Hawaiian Noir

Murder Calls

What I’m Reading

Five Decembers 

James Kestrel

Hard Case Crime

October, 2021

The location is Honolulu, Hawai’i, the date, a few days before Thanksgiving, 1941. The discovery of the bodies of two young people, one, the nephew of the top admiral in Hawai’i, the other, an unidentified young woman, gives Honolulu Police Detective Joe McGrady his most challenging case. The story is set against the lead-up to the attack on Pearl Harbor. The whole country knows war is imminent. What McGrady doesn’t know is how the deaths of these two people affected the cataclysm that follows. 

McGrady gets a lead on the killer, but is unable to learn the identity of the young woman. He tracks the killer through the Pacific to Hong Kong where he arrives the day before the Japanese invade and conquer the territory. McGrady is taken prisoner, but is befriended by a Japanese official who helps him identify the young woman and the reason for her death. 

McGrady rides out the war in Tokyo where he witnesses the carnage that US air raids inflict on the populace. He also meets a beautiful woman who changes his life. Returning to Honolulu after the war, he is able to get his old job back, but learns that the case that sent him to the Pacific, has been closed. McGrady, however, believes the killer is still at large and continues to work the case on his own, sparking the ire of his superior.

Once again McGrady returns to Hong Kong to confront the killer and obtain justice for the two young people. He finally completes his mission in the dead of winter, five Decembers after taking on the case.

Five Decembers is a gripping story of heart-rending love and devotion in a time of inhumanity and destruction. It is wrapped around a skillfully written tale of murder and espionage. Kestrel masterfully recreates the setting and atmosphere of pre-war Honolulu and the Pacific. This is an absorbing novel that you will not want to put down and which you will revisit again and again. It will be released in October by Hard Case Crime. It is available for pre-order now on Amazon. A reminder that this year marks the eightieth anniversary of the attack on Pearl Harbor. This book makes a valuable contribution to the literature of that era.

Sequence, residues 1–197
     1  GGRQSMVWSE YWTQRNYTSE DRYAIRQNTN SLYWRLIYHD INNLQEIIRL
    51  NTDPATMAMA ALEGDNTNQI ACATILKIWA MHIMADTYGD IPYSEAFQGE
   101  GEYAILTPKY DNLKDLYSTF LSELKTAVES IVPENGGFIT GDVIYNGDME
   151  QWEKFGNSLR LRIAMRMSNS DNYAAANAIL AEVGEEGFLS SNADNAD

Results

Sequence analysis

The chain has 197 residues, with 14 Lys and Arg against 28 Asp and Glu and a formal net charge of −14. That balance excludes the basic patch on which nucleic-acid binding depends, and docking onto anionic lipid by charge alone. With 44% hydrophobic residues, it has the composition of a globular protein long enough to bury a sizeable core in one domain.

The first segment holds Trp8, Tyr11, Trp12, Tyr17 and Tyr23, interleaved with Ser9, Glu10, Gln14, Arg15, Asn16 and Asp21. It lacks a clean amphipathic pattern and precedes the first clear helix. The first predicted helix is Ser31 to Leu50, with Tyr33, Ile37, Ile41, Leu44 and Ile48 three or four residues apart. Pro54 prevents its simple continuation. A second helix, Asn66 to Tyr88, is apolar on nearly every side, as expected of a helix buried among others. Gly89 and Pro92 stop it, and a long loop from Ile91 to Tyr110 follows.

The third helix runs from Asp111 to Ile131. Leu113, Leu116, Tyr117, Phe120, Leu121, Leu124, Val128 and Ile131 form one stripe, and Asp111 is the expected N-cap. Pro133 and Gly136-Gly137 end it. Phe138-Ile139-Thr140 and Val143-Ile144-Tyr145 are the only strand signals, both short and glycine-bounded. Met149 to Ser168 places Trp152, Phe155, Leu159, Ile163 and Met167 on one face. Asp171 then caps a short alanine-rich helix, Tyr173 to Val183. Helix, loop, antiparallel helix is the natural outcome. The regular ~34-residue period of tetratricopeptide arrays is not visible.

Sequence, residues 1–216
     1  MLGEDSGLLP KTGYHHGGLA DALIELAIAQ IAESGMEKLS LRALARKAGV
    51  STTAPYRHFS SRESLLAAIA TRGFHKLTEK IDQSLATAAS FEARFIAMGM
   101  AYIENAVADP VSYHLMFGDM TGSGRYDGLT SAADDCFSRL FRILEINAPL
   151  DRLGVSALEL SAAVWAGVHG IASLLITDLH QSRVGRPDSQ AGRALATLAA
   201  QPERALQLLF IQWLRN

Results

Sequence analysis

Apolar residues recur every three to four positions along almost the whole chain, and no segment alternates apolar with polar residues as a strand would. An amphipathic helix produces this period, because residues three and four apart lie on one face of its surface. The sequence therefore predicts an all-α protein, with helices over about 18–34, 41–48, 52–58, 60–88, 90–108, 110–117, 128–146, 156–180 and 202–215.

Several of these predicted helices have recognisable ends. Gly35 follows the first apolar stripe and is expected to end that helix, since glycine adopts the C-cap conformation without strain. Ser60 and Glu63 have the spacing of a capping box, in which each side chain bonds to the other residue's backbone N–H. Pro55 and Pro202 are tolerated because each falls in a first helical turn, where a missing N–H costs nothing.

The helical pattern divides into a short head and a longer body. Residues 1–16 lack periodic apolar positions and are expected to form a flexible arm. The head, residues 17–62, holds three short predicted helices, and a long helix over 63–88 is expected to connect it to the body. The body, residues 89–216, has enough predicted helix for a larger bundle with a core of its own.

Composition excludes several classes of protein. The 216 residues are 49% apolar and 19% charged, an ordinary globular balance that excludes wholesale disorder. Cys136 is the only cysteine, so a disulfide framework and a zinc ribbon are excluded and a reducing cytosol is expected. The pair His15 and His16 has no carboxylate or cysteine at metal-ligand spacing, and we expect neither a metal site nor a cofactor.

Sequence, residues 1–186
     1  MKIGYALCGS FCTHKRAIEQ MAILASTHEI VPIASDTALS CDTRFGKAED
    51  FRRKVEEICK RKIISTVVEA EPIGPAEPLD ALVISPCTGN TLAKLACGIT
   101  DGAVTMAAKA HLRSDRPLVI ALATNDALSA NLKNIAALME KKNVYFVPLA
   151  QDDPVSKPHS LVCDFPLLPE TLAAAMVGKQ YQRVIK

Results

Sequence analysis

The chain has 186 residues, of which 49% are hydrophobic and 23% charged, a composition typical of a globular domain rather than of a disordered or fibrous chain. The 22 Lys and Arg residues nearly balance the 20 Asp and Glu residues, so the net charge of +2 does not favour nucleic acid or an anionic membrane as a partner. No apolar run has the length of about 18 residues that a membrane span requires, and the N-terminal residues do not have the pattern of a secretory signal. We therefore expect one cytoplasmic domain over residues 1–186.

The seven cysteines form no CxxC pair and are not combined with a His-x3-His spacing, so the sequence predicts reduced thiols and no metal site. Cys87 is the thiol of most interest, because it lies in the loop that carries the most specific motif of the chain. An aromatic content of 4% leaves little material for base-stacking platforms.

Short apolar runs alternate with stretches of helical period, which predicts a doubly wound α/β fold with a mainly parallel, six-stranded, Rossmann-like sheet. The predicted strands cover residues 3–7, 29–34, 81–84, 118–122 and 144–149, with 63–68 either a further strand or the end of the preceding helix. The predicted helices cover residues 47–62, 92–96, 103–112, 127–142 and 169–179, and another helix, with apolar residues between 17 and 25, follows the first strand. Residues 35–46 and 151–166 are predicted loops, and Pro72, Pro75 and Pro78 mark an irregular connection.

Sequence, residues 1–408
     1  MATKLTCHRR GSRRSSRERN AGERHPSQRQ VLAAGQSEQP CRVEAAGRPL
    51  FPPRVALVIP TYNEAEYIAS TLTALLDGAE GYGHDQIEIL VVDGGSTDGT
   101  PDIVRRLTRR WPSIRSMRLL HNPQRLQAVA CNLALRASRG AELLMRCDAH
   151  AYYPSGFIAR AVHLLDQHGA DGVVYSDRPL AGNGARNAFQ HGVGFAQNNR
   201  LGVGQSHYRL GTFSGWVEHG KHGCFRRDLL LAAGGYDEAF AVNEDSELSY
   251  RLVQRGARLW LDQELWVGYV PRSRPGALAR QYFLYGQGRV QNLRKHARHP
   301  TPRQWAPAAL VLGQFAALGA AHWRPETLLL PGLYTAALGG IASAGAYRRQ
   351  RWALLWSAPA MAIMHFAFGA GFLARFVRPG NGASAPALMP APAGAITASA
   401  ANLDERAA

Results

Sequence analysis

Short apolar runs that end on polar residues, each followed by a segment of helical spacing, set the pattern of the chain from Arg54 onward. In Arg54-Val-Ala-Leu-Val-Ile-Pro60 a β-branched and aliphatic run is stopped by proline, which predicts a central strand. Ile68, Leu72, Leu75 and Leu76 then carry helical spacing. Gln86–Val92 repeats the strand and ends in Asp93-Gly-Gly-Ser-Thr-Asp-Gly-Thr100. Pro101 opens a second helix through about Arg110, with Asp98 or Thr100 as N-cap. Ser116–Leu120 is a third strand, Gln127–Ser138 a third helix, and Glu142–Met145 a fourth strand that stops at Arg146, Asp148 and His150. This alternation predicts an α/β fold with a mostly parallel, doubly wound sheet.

Like a summer heat wave, the new season of Guns + Tacos is on us. July saw the launch of season three, episode 13, Two More Tacos, a Beretta .32, and a Pink Butterfly. Dave Zeltserman delivers all the noir and all the carnage readers have come to expect from the series while twisting our emotions into tight knots, 

“Lance was the guy to call whenever there was an ugly, festering problem that badly needed lancing.”

That was how he got his moniker. The festering problem? A botched job by a low-level hit man that left a witness in the wind. Lance’s job is to find the witness and eliminate her. All he has to go on is that she is blonde and has a pink butterfly tattoo on her butt cheek. Lance sets an elaborate trap to catch the pink butterfly, but, when he does catch her, what does he do with her? Lance’s solution heats up the streets of Chicago. Once again, everybody’s favorite taco truck purveys the weaponry that gets the action started. Dave Zeltserman has crafted a story that you can’t put down. The twist at the end is both satisfying and disturbing. From Down & Out Books. Also available on Amazon. Do yourself a favor and get the whole season.

Outrigger Canoe, Colony Surf Beach, Waikiki, Sunset, 8/2/21

I’m trying to arrange ukulele lessons while in Waikiki, but it is really difficult with all of the covid restrictions. I had arranged some lessons with Roy Sakuma Studios, but they were canceled because of Covid. Yesterday, I approached The Ukulele Store in Waikiki because they advertise free lessons. However, they have discontinued them due to covid. The shop owner was very appologetic and directed me to Ukulele Hale in Kaimuki. I am waiting on a call-back from them, but due t the caution that is so evident in Hawaii, I am not holding onto much hope. I actually have a nagging fear that the Kahumoku workshop at the end of this month will be canceled. I hope that’s not so, but I can’t shake the fear.